From my experience, in many companies country risk is treated separately to risks registered in their Enterprise Risk Management (ERM) framework and reported independently to the Board – most often by using political risk maps.
To me, this is an error as country risk has a direct impact on operational risks and this impact should be materialized so that the correct mitigation strategy can be decided and applied.
First, let me define what I mean by country risk. To me, it is the potential negative events arising from political, economic and societal uncertainty in a given country.
Many equate country risk to political risk but as you can see in my definition, I believe that political risk is only a component of country risk – albeit an important constituent – it does not cover its complete scope.
This concept is very mature within investment companies as it is usually one of the criteria applied when deciding whether to invest in one country or another but I think it applies more widely.
All companies face a country risk, some with a higher level than others but all companies operate at least in one country. So, even if this country is rather “stable” today, this risk should still be recorded, assessed and monitored as situations can evolve sometimes more rapidly than expected.
Direct links with your ERM framework
Consider the following situations:
- Do you have operations? If yes, then regulatory changes decided by a government can affect you directly and subject you to new regulatory obligations;
- Do you have production facilities? If yes, in extreme cases, you may be facing unilaterally decided nationalizations;
- Do you have sales activities? If yes, then these can be significantly impacted by the national economic climate, especially if you are in a B2C business;
- Do you have employees? If yes, then these can be at risk if there is a sudden outburst of unrest. On a less drastic scale, a change in labour laws can also directly influence your HR organization and even decrease your profitability;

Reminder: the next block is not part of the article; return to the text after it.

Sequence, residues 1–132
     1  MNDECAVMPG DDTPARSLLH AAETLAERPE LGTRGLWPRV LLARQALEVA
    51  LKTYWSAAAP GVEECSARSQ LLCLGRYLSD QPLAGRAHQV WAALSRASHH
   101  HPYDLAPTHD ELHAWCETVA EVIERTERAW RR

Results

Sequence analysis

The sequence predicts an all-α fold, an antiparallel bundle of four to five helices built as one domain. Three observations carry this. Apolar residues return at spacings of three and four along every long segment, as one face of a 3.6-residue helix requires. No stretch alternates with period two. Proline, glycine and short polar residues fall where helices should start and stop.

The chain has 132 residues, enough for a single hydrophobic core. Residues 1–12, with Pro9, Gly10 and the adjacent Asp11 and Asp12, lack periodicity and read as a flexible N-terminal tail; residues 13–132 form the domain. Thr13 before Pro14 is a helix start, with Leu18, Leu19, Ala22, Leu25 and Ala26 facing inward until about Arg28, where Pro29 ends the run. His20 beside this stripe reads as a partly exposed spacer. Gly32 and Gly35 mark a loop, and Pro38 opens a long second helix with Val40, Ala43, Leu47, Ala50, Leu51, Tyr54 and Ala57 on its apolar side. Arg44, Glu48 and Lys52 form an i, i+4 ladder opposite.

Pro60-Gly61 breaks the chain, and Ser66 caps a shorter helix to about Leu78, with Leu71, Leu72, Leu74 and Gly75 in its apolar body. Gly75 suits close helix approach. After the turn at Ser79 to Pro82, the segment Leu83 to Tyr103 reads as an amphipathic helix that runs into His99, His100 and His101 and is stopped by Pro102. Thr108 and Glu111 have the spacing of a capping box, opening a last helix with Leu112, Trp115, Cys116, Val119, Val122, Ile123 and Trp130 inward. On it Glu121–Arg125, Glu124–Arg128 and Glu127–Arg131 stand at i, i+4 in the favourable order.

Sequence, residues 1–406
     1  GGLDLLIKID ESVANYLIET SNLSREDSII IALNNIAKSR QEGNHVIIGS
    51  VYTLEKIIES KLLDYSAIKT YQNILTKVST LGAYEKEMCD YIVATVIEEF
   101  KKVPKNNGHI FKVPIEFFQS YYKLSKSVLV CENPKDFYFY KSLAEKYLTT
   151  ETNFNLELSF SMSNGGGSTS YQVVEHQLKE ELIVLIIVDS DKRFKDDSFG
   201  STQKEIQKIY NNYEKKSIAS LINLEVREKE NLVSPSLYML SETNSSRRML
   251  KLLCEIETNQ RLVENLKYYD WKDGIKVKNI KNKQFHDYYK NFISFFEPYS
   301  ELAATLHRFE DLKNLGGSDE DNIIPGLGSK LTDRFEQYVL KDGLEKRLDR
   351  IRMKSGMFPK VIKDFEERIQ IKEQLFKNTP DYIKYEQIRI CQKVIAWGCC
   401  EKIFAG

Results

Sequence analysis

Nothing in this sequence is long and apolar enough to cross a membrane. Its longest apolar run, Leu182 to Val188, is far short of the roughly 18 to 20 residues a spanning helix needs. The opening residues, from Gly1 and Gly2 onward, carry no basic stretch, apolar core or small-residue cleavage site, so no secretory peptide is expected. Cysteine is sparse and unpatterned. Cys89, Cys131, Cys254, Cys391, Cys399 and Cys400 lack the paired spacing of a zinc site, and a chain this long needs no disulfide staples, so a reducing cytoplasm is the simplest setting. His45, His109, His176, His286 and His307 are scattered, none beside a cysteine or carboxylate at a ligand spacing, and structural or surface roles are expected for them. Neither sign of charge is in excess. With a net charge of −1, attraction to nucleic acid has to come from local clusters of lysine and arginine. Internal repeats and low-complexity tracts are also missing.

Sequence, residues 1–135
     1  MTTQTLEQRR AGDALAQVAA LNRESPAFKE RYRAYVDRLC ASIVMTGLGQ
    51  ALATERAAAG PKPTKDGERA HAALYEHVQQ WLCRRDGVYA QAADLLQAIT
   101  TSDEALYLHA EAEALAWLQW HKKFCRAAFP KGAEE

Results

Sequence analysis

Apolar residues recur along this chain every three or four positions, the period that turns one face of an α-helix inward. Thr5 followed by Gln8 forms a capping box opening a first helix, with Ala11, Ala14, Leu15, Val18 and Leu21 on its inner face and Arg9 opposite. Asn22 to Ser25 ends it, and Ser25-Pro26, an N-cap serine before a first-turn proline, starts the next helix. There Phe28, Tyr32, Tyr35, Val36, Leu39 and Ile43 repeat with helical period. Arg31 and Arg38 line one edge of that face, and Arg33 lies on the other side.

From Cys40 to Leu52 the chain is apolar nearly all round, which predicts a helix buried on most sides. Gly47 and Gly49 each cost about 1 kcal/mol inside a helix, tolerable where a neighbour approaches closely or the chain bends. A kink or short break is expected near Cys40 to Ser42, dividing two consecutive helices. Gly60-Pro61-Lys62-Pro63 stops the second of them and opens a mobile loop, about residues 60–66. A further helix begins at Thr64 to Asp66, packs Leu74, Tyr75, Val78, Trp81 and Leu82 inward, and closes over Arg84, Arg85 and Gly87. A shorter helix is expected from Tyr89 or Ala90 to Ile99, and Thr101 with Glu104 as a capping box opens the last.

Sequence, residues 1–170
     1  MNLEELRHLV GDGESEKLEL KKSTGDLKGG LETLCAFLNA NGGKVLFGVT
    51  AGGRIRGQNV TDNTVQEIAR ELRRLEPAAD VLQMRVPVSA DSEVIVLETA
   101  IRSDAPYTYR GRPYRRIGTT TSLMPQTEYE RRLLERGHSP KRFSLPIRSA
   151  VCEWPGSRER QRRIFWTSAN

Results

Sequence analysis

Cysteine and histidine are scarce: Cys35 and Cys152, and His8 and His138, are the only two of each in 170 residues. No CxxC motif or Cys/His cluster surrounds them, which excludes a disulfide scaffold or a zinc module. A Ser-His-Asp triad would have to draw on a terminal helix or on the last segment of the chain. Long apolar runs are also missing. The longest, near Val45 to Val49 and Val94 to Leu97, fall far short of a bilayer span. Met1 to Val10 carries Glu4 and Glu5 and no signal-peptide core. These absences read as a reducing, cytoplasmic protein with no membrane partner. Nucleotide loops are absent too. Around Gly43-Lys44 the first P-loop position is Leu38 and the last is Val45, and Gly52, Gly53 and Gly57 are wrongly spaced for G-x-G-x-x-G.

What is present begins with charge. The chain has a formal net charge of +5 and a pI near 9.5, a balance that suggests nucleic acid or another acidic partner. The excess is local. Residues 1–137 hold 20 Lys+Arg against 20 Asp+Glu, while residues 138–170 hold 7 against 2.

- Do you invest in innovation? If yes, you may have to agree to technological or knowledge transfer to be able to supply the local market with your products, increasing your competitive risk.
In another post (The Critical Role of Marketing Executives in the Risk Management Process) I had discussed the fact that reputational risk is a direct result from other risks. Well, I believe that country risk is at the opposite side of the spectrum and can be a trigger for many operational risks.
As such, even in low risk profile countries, assessing and regularly reviewing the risk level is part of a sound risk management practice.
How to assess country risk?
There isn’t one common agreed measure to assess this risk category but I would like to try to suggest a simple method:
- Likelihood of occurrence: here would be assessed the combined probability of potential evolution of the political, economic and societal conditions. Some countries have a stable political environment either because it appropriately represents the opinion of the population or because the government secures its re-elections by different means. Nevertheless, this does not mean that societal conditions can’t evolve rapidly, as precisely illustrated during the Arab Spring. Taking into account these three criteria will therefore result in a more truthful probability of occurrence;
- Impact: here would be documented the potential direct impact of a country risk for your company and its different activities carried out in the country: manufacturing, sales, R&D, etc.;
- Speed of Onset: here would be assessed the velocity with which the risk can occur. For instance, in countries where political representation effectively embodies public opinion, a change in the political landscape can be rather long compared to personalized regimes where a change in leader can bring a system down rapidly. This is likely to be the most difficult criteria to assess, but publicly available geopolitical analyses can be a good starting point.
Here is why I believe political risk maps can’t be used as is by companies as country risks: not all companies will be affected in the same way by changing events. Integrating this risk category in your ERM framework means that you can not only assess a macro-impact at your company level, but that you can also document the influence of this country risks on your objectives and on other risks in the ERM framework: potential effects on your supply chain, manufacturing activities, sales process, etc.
From there, appropriate mitigation strategies for these operational risks can be defined and implemented.
The intent of this post is certainly not to say that all countries are at risk, far from it, but that internal and external influences can lead to a rapid change in the rules of the game for your organization and its activities and that this should be monitored so as to avoid being taken off guard.
What about you, do you monitor country risk?